Therefore, my beloved brethren, be steadfast, immovable, always abounding in the work of the Lord, knowing that your toil is not in vain in the Lord.
—1 Corinthians 15:58 (NASB)
After months of homeschooling through a long, cold winter, I think that
all of us could use some encouragement to keep going and to keep teaching well. As we head into spring, how can we stay focused and motivate everyone to keep working hard even if the end of the school year still seems nowhere in sight?
First, I think it’s comforting to realize
that it’s not just kids who get weary at
the end of the year, but that parents also struggle to remain diligent. So, you’re not alone!
Some people find that planning a fun field trip or day off can be helpful and rejuvenating. I think it’s good to set apart some extra time with your spouse and plan something that you will both look forward to—whether it’s a picnic, a night out, or simply time to sit and talk. I find encouragement in the Bible and enjoy taking walks with my husband, Jay.
All of us want to do the best possible job in teaching, so let’s stay strong in the months ahead. Just like a runner in his final lap of the race—keep going and look to the goal of finishing well!
MaryAnn Gaver and her husband, Jay, have been homeschooling their twin sons for eight years.
Does Your Homeschool Need Roadside Assistance?
GO FOR A WALK
IN THE WOODS. HUNT
FOR SIGNS OF SPRING.
BE SURE TO TAKE
ALONG YOUR NATURE
If it feels like your homeschool has sunk into a springtime rut, then it is time for some roadside assistance!
- Pray for God’s refreshing. Trusting God for a renewal of energy and strength for the homeschooling journey to which He has called
you is a move in the right direction.
- Do not forget to take the children for a few “roadside rests.” Have a picnic in the park. Go for a walk in the woods. Hunt for signs of spring. Be sure to take along your nature notebooks!
- Stretch your legs occasionally. On a warm day, have math on
the back porch or reading in the tree house. Start an outdoor study on gardening, insects, or bird watching.
Use your imagination. With God’s help, you can keep on the road and finish this school year well.
by Diane M. / Gallipolis, OH
Strength for Today
We start out our year working very hard. I love to be half finished with our annual schedule by Christmas break. (This rarely happens in all subjects. If we come close, I feel good.) Then, when long winter months with cold mornings or sickness slow us down, I don’t feel so pressed.
Also, instead of looking at our schedule as a solid block from January to May, I break our winter into segments and count down: January–February (followed by a little family holiday at the beach); February–March (followed by spring break). Then it is smooth sailing to the end of May.
Most importantly, I try to be concerned with only today. I ask the Lord to anoint me just for today. At the end of the day, if I didn’t get everything done that I wanted to (I rarely do!), I try to rest knowing it was enough, anointed, and therefore fruitful.
by Chris M. / Virginia Beach, VA
Taking It Outdoors
When my youngest turned 2, it became difficult to school my other two children. No matter how I tried to keep my 2-year-old occupied, he interrupted us, tore up the house, or both. Then I found a small, quiet, fenced-in neighborhood playground. Some days we do some schooling there. I sit at a picnic table and work with my daughter while my son plays with my 2-year-old. While we eat lunch, I read aloud to all three. After lunch, my daughter plays with my 2-year-old as I work with my son. My little one has a blast and is ready to take a nap after all the fresh air and exercise. My older kids love the uninterrupted individual attention. And my house is not a mess!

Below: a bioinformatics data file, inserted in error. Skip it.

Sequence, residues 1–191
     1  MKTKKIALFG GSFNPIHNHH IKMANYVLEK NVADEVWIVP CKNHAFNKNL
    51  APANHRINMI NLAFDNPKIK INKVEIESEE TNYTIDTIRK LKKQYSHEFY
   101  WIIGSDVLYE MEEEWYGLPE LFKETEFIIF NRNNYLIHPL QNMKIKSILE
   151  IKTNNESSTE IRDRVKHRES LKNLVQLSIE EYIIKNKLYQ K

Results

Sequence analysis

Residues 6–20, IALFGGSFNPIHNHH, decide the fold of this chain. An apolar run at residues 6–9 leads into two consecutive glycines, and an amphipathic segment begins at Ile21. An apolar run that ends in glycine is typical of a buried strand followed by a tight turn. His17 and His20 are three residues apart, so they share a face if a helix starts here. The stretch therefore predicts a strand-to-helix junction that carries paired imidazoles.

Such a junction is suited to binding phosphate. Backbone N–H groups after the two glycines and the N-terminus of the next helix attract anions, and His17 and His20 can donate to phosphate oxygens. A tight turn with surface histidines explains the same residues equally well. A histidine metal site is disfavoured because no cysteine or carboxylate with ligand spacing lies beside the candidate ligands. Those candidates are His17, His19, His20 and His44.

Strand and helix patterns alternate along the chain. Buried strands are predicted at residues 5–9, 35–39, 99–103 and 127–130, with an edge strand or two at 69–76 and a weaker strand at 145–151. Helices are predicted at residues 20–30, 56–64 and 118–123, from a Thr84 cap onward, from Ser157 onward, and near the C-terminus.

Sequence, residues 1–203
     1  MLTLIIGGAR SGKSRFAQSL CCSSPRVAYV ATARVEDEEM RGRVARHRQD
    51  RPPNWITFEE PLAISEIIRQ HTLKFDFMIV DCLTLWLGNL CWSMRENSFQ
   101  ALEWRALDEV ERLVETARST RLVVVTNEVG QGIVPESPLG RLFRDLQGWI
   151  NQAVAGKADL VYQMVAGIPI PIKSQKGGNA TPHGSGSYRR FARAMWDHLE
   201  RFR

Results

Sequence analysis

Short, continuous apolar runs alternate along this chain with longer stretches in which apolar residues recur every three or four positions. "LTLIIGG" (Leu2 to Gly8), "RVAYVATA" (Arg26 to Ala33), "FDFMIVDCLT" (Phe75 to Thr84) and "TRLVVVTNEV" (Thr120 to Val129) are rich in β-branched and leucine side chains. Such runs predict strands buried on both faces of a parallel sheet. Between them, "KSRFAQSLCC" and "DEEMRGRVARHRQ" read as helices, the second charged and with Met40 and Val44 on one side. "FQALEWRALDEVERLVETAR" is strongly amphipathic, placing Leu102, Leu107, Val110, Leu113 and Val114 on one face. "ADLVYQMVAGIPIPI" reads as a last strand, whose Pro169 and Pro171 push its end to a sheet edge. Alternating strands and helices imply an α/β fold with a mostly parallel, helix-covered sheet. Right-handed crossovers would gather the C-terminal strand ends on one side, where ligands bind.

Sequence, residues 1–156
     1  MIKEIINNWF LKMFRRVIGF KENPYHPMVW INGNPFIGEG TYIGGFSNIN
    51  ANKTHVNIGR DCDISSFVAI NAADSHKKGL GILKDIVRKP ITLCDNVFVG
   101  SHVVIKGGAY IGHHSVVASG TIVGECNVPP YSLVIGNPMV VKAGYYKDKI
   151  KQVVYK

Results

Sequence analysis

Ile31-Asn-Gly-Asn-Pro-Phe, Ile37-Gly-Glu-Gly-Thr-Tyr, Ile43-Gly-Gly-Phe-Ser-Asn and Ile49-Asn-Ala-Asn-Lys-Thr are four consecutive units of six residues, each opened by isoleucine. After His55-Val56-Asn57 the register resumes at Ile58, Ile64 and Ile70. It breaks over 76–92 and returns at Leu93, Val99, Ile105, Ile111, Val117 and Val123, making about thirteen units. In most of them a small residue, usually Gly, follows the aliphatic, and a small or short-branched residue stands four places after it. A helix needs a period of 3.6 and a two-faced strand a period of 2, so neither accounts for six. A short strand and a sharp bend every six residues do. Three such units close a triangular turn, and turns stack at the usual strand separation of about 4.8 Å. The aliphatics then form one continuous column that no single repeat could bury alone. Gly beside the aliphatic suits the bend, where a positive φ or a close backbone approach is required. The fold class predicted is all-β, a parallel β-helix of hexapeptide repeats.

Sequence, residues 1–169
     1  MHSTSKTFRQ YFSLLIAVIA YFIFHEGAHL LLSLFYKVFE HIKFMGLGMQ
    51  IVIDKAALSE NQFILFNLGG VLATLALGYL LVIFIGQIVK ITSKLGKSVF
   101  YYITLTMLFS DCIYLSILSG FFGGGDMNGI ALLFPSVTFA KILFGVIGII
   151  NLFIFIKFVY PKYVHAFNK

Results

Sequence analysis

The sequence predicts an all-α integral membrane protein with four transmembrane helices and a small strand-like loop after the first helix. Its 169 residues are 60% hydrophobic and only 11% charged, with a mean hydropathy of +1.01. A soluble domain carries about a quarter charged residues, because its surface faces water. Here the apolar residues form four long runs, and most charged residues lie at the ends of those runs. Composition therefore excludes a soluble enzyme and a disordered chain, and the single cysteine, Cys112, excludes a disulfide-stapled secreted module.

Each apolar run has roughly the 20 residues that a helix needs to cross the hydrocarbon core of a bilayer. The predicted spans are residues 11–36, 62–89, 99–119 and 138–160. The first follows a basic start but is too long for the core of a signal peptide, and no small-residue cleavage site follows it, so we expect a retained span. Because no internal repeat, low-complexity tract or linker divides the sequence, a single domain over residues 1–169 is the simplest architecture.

by Carol R. / North Hollywood, CA
Treasure the Moments
To find the motivation to end the year well (or even the week or day!), keep the big picture in view. In all likelihood, you will never again have more time with, or influence on, your children. You will never regret for a moment the time you have been able
to spend with your children. You will never again have such opportunities for being the godly influence that you are uniquely qualified to be. Don’t waste time stressing about the little things. You may be crying with tears of frustration in the midst of the day-to-day efforts to homeschool. But remember, someday you will cry tears of gratitude and joy
at the precious young people God has used you to help fashion-mixed with tears of sorrow that this treasured time of life is over!
by Valerie G. / Simi Valley, CA
Looking Back In Order To Move Forward
I believe that looking back at how far we have come in a year can
provide encouragement and motivation to keep going. What about celebrating the halfway point in your math book or your spelling book? Maybe you
could celebrate each chapter completed. Be creative. How about a stop for a slushy on the way to piano lessons the day you complete unit 10 in your
Looking back can also help spark change for the future. It is a whole
lot easier to “finish the race” if the extra baggage has been left behind
from the start. Try not to overload on outside activities. Set your priorities and then choose only activities that match your top priorities. If you find yourself wanting to add a new activity, stop, look back, and check that priority list!
by Barbara H. / Montgomery, TX
Share Your Tips
This column is designed to feature teaching tips, encouragement, and advice from homeschooling parents.
Dads, let’s hear from you in our Sept./Oct. 2010 issue! What advice would you give to a father who is new to homeschooling? Send us your advice in 150 words or less. Submissions may be edited for space. Mail submissions to:
Attn: Parent to Parent, HSLDA
P.O. Box 3000
Purcellville, VA 20134
Or email us (include “Parent to Parent” in the subject line) at ComDept@hslda.org
Please include your name and address. Submission deadline is 6/15/10.